- November 8 – Jacobite rising of 1745: Charles Edward Stuart, known popularly as "Bonnie Prince Charlie", crosses from Scotland into England for the first time since beginning his quest to place his father on the English throne as the pretender King James III. Charles arrives at Longtown in Cumbria and spends the night at a nearby village, the Riddings, then leads his army south along the right bank of the River Eden the next day 
- November 28 – King George's War: A combined force of troops from the French Army and of the Wabanaki Confederacy (Mi'kmaq, Maliseet, Passamaquoddy, Abenaki, and Penobscot tribes) destroys the British American settlement at Fort Saratoga (now Schuylerville, New York), burning the fort and surrounding buildings to the ground, and killing 15 people. Another 103 survivors are taken prisoner.
- December 4 – Jacobite rising of 1745: The Scottish Jacobite army reaches as far south as Derby in England, causing panic in London; two days later it begins to retreat.
- December 17 – Two days after Prussian troops rout the Saxons at the Battle of Kesselsdorf, the Saxon capital of Dresden falls to Prussia's King Frederick the Great. 
- December 18 – Jacobite rising of 1745 – Clifton Moor Skirmish: The Jacobites are victorious, in the last action between two military forces on English soil.
- December 23 – Jacobite rising of 1745 – Battle of Inverurie: The Jacobites are victorious over British royal troops.
- December 25 – The Treaty of Dresden gives Prussia full possession of Silesia.
- December 28 – For 5 days, fire destroys buildings in Istanbul.
- c. January – Isaac Titsingh, Dutch scholar, merchant-trader and ambassador (d. 1812)
- January 1 – Anthony Wayne, United States Army officer, statesman and member of the United States House of Representatives (d. 1796)
- January 6 – Jacques-Étienne Montgolfier, French inventor (d. 1799)
- January 9 – Caleb Strong, American politician (d. 1819)
- February 2 – Hannah More, English religious writer, Romantic and philanthropist (d. 1833)
- February 18 – Alessandro Volta, Italian physicist (d. 1827)
- February 20 – Henry James Pye, English poet (d. 1813)
- February 21 – Olof Tempelman, Swedish architect (d. 1816)
- March 4
- March 10 – John Gunby, Maryland soldier in the American Revolutionary War (d. 1807)
- March 25 – John Barry, officer in the Continental Navy during the American Revolutionary War and later in the United States Navy (d. 1803)
- April 6 – Thomas Peters, Dutch supercentenarian (d. 1857)
- April 20 – Philippe Pinel, French physician (d. 1826)
- April 29 – Oliver Ellsworth, Chief Justice of the United States (d. 1807)
- July 8 – Sara Banzet, French educator and diarist (d. 1774)
- July 13 – Robert Calder, British naval officer (d. 1818)
- August 20 – Francis Asbury, American Methodist Bishop (d. 1816)
- August 30 – Johann Hieronymus Schröter, German astronomer (d. 1816)
- September 4 – Schneur Zalman of Liadi, Russian rabbi and founder of Chabad (d. 1812)
- September 16 – Mikhail Illarionovich Kutuzov, Russian field marshal (d. 1813)
- November 7 – Prince Henry, Duke of Cumberland and Strathearn, member of the British Royal Family (d. 1793)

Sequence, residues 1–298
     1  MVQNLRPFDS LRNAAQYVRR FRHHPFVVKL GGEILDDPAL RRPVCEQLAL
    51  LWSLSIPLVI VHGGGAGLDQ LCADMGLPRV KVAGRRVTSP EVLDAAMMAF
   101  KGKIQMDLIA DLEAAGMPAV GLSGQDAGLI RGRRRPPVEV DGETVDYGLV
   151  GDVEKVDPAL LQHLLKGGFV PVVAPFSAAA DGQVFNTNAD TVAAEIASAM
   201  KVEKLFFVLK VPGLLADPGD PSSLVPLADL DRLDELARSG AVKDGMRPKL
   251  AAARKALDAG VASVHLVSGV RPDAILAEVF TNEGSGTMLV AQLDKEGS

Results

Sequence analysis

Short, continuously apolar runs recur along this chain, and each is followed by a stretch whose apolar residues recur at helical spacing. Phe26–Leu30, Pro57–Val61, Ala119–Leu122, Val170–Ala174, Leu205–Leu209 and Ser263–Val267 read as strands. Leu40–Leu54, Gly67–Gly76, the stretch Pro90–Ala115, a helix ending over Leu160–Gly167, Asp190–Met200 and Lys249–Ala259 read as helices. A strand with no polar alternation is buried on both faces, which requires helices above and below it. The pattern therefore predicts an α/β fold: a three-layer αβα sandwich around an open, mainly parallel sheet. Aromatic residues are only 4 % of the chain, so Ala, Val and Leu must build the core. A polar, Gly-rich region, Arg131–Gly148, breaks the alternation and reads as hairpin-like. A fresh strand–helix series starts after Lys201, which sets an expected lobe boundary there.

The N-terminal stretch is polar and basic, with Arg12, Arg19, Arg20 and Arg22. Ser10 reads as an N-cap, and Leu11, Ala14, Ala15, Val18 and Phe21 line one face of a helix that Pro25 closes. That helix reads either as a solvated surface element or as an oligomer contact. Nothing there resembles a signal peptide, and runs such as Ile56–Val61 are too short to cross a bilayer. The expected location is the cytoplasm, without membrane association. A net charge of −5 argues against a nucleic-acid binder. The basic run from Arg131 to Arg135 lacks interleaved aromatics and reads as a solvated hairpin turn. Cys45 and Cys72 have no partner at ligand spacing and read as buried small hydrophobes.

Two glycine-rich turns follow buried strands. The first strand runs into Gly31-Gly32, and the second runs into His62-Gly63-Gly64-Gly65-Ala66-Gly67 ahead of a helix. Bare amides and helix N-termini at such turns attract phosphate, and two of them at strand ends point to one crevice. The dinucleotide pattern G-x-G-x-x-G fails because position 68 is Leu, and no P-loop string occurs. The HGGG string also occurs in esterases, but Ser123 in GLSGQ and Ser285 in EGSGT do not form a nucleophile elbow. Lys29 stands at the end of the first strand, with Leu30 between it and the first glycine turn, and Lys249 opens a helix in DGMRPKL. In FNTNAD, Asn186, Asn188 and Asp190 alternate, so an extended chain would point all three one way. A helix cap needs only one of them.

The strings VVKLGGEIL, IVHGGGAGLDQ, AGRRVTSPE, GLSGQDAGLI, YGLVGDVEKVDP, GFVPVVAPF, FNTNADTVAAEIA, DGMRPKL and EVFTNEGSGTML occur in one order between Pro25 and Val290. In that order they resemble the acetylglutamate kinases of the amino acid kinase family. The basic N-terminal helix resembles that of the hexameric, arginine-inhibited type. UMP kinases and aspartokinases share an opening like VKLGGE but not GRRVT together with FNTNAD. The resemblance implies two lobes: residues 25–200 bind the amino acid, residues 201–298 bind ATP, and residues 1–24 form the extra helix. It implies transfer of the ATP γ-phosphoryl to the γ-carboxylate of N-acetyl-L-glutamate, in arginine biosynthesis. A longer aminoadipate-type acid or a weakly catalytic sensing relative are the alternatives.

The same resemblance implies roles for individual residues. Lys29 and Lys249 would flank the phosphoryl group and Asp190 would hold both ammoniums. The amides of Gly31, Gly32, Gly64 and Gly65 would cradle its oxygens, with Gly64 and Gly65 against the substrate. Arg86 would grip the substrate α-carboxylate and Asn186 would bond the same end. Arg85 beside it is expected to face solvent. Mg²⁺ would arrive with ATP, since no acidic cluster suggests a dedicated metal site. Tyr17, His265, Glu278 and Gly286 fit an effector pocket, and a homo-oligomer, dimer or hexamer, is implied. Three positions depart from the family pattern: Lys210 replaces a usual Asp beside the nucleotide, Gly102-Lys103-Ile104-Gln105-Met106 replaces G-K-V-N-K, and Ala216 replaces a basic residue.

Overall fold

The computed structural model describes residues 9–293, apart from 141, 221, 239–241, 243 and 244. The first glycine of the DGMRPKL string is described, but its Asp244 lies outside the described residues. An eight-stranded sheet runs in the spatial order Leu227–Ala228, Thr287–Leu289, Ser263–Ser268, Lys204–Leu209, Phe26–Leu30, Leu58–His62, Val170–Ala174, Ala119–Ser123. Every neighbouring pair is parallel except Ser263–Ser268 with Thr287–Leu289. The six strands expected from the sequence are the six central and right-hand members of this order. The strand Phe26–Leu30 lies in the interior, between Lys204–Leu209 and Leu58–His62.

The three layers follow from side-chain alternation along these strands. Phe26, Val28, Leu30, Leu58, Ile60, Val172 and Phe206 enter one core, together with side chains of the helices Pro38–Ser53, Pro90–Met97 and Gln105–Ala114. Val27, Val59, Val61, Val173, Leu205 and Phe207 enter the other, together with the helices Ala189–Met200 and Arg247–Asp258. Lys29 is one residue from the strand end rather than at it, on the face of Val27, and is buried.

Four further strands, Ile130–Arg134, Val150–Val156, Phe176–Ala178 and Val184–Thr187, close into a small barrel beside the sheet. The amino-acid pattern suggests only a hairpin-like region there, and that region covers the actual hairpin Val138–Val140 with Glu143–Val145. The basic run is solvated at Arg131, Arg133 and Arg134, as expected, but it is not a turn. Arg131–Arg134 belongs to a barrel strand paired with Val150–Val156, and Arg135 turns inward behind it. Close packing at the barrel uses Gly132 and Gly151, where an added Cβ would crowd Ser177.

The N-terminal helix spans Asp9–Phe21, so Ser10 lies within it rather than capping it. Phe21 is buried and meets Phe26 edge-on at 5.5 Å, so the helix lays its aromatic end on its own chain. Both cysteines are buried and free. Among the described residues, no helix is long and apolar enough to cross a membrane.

- November 13 – Valentin Haüy, French educator, founder of the first school for the blind (d. 1822)
- November 23 – John Treadwell, the fourth Governor of Connecticut (d. 1823)
- December 2 – Queen Jeongsun, Korean regent (d. 1805)
- December 12 – John Jay, American politician and 1st Chief Justice of the United States (died 1829)
- December 15 – Johann Gottfried Koehler, German astronomer (d. 1801)
- December 24 – William Paterson, American politician and Associate Justice of the Supreme Court of the United States (d. 1806)
- date unknown
- January 16 – Josiah Franklin, English-born American businessman, father of Benjamin Franklin (b. 1657)
- January 20 – Charles VII, Holy Roman Emperor (b. 1697)
- February 23 – Joseph Effner, German architect (b. 1687)
- February 26 – Henry Scudamore, 3rd Duke of Beaufort (b. 1707)
- March 27 – Tommaso Crudeli, Florentine free thinker imprisoned by the Roman Inquisition (b. 1702)
- March 18 – Robert Walpole, first Prime Minister of the United Kingdom (b. 1676)
- May 9 – Tomaso Antonio Vitali, Italian violinist and composer (b. 1663)
- May 22 – François-Marie, 1st duc de Broglie, French military leader (b. 1671)
- September 30 – Sir John Baird, 2nd Baronet, British politician (b. 1686)
- October 19 – Jonathan Swift, Anglo-Irish writer (b. 1667)
- October 22 – Isaac Greenwood, American mathematician (b. 1702)
- November 16 – James Butler, 2nd Duke of Ormonde, Irish statesman and soldier (b. 1665)
- December 8 – Étienne Fourmont, French orientalist (b. 1683)
- December 19 – Jean-Baptiste van Loo, French painter (b. 1684)
- December 23 – Jan Dismas Zelenka, Bohemian composer (b. 1679)
- date unknown – Hedvig Catharina De la Gardie, Swedish salonniére (b. 1695)
- "War of the Austrian Succession (1740-1748)", in Wars That Changed History: 50 of the World's Greatest Conflicts: 50 of the World's Greatest Conflicts, ed. by Spencer C. Tucker (ABC-CLIO, 2015) p214
- "Treaty of Quadruple Alliance", International Military Alliances, 1648-2008, ed. by Douglas M. Gibler (Congressional Quarterly Press, Oct 15, 2008) p94
- William Reed, The History of Sugar and Sugar-yielding Plants (Longmans, Green, and Co., 1866) p50
- Marion F. Godfroy, Kourou and the Struggle for a French America (Springer, 2015) p193
- Larrie D. Ferreiro, Measure of the Earth: The Enlightenment Expedition That Reshaped Our World (Basic Books, 2011) p253
- Maureen Cassidy-Geiger, Fragile Diplomacy (Yale University Press, 2007) p66-74
- Spencer Tucker, Almanac of American Military History (ABC-CLIO, 2013) p137
- "War of the Austrian Succession (1740—1748)" in Wars That Changed History: 50 of the World's Greatest Conflicts, by Spencer C. Tucker (ABC-CLIO, 2015) p214
- Williams, Hywel (2005). Cassell's Chronology of World History. London: Weidenfeld & Nicolson. pp. 310–311. ISBN 0-304-35730-8.
- Palmer, Alan; Veronica (1992). The Chronology of British History. London: Century Ltd. pp. 217–218. ISBN 0-7126-5616-2.
- "War of Austrian Succession", in Germany at War: 400 Years of Military History, ed. by David T. Zabecki (ABC-CLIO, 2014) p1371
- J. L. Heilbron, Electricity in the 17th and 18th Centuries: A Study of Early Modern Physics (University of California Press, 1979) p311
- Mahinder N. Gulati, Comparative Religious And Philosophies: Anthropomorphlsm And Divinity (Atlantic Publishers, 2008) p307
- Mark Anielski, The Economics of Happiness: Building Genuine Wealth (New Society Publishers, 2007) p197
- "The White Rose on the Border", by Alison Buckler, in The Gentleman's Magazine (July 1896) p28
- David R. Starbuck, The Great Warpath: British Military Sites from Albany to Crown Point (University Press of New England, 1999) p28
- Unless the Battle of Graveney Marsh (1940) is counted.